• Social Security number;
  • Driver’s license number or non-driver identification card number;
  • Account number, credit or debit card number, in combination with any required security code, access code, password or other information that would permit access to an individual’s financial account; account number, credit or debit card number, if circumstances exist wherein such number could be used to access an individual’s financial account without additional identifying information, security code, access code, or password; or
  • Biometric information, meaning data generated by electronic measurements of an individual’s unique physical characteristics, such as a fingerprint, voice print, retina or iris image, or other unique physical representation or digital representation of biometric data which are used to authenticate or ascertain the individual’s identity;
  • A user name or email address in combination with a password or security question and answer that would permit access to an online account.

That’s an expanded definition of “private information,” but JDSupra points out that it’s not as broad as laws in other states, such as California, Illinois, Oregon, and Rhode Island. In those states, certain health insurance identifiers are included along with medical information.

For anybody processing NY residents’ private info

The law applies to any entities that process NY residents’ information. It increases civil penalties and widens the definition of a data breach to also require breach notifications from “any person or entity with private information of a New York resident, not just to those that conduct business in New York State.”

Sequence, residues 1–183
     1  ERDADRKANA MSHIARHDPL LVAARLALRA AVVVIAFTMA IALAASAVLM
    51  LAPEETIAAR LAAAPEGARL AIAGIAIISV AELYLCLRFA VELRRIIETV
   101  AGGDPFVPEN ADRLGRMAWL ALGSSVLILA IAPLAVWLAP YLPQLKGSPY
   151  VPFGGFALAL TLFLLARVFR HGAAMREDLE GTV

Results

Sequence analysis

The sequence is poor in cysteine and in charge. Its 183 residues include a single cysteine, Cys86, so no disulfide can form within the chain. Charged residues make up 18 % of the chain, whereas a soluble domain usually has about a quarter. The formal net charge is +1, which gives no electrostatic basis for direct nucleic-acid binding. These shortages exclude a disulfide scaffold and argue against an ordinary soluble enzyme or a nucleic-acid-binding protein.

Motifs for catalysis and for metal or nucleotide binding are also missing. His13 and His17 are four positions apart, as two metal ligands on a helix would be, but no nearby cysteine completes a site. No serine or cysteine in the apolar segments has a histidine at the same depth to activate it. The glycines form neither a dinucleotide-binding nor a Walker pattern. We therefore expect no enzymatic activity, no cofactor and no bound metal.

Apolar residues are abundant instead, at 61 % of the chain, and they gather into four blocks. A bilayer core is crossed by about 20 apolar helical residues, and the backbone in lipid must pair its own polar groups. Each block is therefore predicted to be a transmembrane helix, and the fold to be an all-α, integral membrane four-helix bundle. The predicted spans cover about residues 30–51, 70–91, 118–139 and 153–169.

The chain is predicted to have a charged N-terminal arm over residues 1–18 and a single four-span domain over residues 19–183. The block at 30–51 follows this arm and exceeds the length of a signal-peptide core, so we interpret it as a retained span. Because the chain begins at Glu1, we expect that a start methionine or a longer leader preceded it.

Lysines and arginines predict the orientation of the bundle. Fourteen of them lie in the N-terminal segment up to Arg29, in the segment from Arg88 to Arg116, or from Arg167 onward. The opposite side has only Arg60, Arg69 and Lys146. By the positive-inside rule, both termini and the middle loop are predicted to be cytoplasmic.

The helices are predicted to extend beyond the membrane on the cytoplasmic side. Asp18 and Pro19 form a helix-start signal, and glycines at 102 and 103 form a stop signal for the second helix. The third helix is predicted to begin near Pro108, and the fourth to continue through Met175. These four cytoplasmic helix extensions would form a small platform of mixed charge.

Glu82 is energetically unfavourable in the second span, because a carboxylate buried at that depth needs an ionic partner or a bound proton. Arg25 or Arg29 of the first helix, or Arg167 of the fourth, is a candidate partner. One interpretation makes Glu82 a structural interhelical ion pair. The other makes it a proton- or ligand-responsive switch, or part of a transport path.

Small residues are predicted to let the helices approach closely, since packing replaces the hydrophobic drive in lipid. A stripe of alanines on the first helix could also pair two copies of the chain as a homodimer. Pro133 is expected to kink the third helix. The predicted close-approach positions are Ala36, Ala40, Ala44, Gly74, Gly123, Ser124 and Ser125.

According to the New York State Senate official website, the law also…

Requires reasonable data security, provides standards tailored to the size of a business, and provides protections from liability for certain entities.

Governor Cuomo:

As technology seeps into practically every aspect of our daily lives, it is increasingly critical that we do everything we can to ensure the information that companies are trusted with is secure.

Mandatory free ID theft protection, credit freezes

As far as the second bill goes, the Identity Theft Prevention and Mitigation Services Act, it requires credit reporting agencies that have experienced a breach involving Social Security numbers – we’re looking at you, Equifax – to provide five years of identity theft prevention and mitigation services to affected consumers.

It also gives consumers the right to freeze their credit at no cost. We used to have to pay for credit freezes, up until consumers finally got the right to freeze our credit without having to pay for it in 2018.


Are other states, besides the ones already listed, taking any action to provide the same type of legislation? When is this law going to become Federal law?